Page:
Thus, OK Go can open its Colour campaign with “WTF,” a bluesy, hip-grinding single enhanced by Kulash’s (decidedly Prince-ish) faux-fey falsetto and a surreal, psychedelic acid trip of a video (directed by the group and Tim Nackashi). And there’s more tasty diverse fare on the menu, from the poppy processional “This Too Shall Pass” through a breathy “Skyscrapers” and an R&B/punk-ish “Needing/Getting,” to OK Go’s stock in snarky trade — the ’80s-retro techno-pop percolators “End Love” and “White Knuckles.” The disc was produced by ex-Mercury Rev member Dave Fridmann, who’s also overseen recent work from MGMT and The Flaming Lips. To preview Colour (a title nicked from an 1800s book of quackery that proposed blue light as a panacea), Kulash and company re-teamed with designer Moritz Waldemeyer for a special performance at December’s Design Miami exhibition, which featured futuristic laser-shooting guitars.
Kulash isn’t even certain how many TV/film licensing offers have poured in for OK Go music, both new and old. “I’ll just see an e-mail at some point and say ‘Yep,'” chuckles the ardent DIY-er. “And right now, I think we’re in a lot of movie trailers for a lot of different movies. And the one thing that you wouldn’t notice from the outside is, there’s all this licensing that happens for small, internal corporate uses in places. And they’re small amounts — these aren’t the sorts of things that you send your kids to college on. But a telecommunications subcontractor somewhere will be doing a corporate event for their own employees, and they’ll wanna show ’em a hype-’em-up film about the company, and they’ll put our music behind it. And if they’re good, honest people they’ll actually call up and license it from you.” And if not? Kulash cackles wickedly. “We’ve actually been to trade shows and heard our music playing in someone’s booth. And we’re like, ‘Uhhh . . . pardon me?'”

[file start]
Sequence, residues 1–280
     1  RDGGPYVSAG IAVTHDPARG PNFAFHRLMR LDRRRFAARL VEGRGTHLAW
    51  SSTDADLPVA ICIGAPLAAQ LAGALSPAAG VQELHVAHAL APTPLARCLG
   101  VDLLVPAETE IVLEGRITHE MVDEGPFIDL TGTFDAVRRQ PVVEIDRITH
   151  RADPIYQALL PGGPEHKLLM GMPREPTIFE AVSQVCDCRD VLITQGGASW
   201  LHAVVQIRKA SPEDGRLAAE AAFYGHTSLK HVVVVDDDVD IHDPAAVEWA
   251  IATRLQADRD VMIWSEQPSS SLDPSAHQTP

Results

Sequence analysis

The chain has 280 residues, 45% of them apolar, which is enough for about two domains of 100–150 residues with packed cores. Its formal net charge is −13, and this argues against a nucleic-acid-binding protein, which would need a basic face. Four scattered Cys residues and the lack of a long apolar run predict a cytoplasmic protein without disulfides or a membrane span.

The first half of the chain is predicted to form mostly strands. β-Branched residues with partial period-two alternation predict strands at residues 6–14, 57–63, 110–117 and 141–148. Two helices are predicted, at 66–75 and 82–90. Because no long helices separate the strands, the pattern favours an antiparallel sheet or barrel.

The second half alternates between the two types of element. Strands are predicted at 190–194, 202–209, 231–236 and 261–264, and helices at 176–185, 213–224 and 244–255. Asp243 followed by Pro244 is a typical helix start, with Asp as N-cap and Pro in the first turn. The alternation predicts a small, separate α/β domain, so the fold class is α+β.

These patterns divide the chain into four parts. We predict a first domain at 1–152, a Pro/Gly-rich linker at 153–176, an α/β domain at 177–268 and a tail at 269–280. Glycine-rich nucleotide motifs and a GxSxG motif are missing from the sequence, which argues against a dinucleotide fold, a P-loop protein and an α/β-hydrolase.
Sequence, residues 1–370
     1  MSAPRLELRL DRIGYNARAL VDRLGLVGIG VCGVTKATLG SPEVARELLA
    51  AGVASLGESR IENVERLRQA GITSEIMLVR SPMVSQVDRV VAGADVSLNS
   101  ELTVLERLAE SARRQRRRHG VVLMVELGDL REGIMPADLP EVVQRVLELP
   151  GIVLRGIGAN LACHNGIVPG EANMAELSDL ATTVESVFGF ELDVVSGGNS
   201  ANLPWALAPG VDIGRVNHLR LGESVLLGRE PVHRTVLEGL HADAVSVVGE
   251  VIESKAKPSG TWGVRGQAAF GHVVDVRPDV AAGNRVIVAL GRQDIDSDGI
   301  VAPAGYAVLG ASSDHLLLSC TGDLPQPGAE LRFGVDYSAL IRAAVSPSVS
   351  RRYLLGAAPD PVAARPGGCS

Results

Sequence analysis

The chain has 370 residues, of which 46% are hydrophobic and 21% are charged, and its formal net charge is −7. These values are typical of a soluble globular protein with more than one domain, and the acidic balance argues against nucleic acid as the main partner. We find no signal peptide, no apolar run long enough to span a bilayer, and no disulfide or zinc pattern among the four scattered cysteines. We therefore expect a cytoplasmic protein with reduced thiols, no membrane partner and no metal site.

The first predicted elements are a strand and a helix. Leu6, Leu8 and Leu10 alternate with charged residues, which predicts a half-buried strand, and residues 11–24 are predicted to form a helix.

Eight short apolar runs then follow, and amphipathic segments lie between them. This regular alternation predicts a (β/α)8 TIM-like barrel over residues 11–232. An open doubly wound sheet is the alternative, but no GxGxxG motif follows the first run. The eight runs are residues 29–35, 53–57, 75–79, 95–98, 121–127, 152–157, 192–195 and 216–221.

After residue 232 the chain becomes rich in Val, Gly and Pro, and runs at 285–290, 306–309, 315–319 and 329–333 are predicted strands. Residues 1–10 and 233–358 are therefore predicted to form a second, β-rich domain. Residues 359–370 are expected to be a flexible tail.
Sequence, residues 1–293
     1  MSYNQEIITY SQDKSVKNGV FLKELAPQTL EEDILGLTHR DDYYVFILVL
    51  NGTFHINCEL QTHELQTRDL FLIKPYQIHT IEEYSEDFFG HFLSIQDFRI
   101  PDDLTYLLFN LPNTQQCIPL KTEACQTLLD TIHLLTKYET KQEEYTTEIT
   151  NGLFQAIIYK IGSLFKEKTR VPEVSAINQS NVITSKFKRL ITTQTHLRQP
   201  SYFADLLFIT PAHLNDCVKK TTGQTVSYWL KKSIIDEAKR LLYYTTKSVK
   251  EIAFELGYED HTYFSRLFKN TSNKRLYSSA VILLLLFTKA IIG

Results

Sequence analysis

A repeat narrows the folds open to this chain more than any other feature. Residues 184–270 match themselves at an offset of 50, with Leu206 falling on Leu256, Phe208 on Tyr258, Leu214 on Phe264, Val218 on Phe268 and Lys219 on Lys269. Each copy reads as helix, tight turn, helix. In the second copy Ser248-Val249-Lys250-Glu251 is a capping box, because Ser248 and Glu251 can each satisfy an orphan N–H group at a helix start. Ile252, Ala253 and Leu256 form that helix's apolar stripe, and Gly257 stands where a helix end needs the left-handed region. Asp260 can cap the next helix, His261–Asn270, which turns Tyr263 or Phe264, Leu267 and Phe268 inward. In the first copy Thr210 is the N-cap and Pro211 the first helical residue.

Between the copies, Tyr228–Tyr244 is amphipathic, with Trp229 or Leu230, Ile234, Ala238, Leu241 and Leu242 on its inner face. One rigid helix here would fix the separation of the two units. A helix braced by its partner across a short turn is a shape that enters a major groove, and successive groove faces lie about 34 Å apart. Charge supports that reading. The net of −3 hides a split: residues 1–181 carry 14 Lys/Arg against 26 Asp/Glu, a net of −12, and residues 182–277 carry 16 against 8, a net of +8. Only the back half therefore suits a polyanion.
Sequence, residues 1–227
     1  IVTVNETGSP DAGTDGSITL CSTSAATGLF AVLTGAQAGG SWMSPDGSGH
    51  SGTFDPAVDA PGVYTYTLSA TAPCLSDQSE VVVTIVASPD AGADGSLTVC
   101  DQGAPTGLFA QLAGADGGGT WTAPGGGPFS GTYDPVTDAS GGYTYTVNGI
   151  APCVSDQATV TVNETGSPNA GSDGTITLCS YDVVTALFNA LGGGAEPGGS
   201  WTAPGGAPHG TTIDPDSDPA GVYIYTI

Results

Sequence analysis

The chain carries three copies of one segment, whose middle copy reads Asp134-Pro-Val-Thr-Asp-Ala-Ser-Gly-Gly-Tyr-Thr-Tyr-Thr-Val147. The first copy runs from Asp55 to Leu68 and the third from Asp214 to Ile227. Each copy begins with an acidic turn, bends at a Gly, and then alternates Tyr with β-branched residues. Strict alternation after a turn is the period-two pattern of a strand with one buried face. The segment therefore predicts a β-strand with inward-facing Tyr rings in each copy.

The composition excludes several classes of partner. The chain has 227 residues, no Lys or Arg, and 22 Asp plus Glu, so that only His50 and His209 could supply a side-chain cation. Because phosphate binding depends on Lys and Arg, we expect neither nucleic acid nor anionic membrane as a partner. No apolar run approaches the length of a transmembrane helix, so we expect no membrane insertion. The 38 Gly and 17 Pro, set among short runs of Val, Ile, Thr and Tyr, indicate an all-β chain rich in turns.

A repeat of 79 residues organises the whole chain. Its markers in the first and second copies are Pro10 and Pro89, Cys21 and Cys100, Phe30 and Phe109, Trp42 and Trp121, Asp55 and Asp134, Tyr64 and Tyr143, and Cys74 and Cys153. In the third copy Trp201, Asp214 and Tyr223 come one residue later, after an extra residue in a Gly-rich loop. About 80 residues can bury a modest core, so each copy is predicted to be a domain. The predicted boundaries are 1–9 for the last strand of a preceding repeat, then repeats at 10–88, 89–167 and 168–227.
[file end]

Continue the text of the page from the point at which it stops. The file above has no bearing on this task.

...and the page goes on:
The 34-year-old vocalist has also penned two op-eds for the New York Times, one on Internet neutrality and another on one of his pet peeves, DRM — Digital Rights Management software, he snarls, “and how stupidly it’s been used. The debate doesn’t matter so much now, because all the labels have figured out what I was saying at that time: Punishing people who buy your music by giving them a hobbled version of it is fucking bad business. They wanted to make us a test case — their thinking was, ‘OK Go is a band that appeals to college kids, and college kids are our major problem with downloading. So we’re gonna put software on their CD that will make it so it can’t be copied.’ Which meant at the time that it also couldn’t be put on your iPod. Can you imagine? I was like ‘Are you crazy?’ So we got around it in a sneaky way — we turned in our record [Oh No] with a 34-minute hidden track on it that was just a recording of my wife sleeping. And when they tried to fit the software on it, there was no space left on the CD, and the quality-control machine kept spitting it back out.” Eventually, it was too late, and manufacturing went forward with an untainted Oh No.
For a long time, the singer adds, he couldn’t tell that story for legal reasons. But OK Go is now on the best of terms with its EMI-distributed imprint, Capitol. “So I don’t want to comment directly on the label,” he concludes. “But I will say that our philosophy has always been that we’d rather make things we like making and do it ourselves. So it’s not like there’s some Machiavellian, manipulative marketing machine at work. It’s just that we’d rather make our own videos than pay someone else to have that fun. If someone’s gonna go make a cool three-minute movie, I wanna be the one having that fun!
“For OK Go, it’s just more fun that way. And it also means that your career doesn’t ride on the ups and downs of somebody else’s marketing plan. Because most of our connections to our fans are direct, we’re very open to them in terms of our Web site, even ourselves. And we make our own things without requiring this massive distribution network. So if the label decides to not work us at radio, it doesn’t mean we go back to our Starbucks jobs!”
— Tom Lanham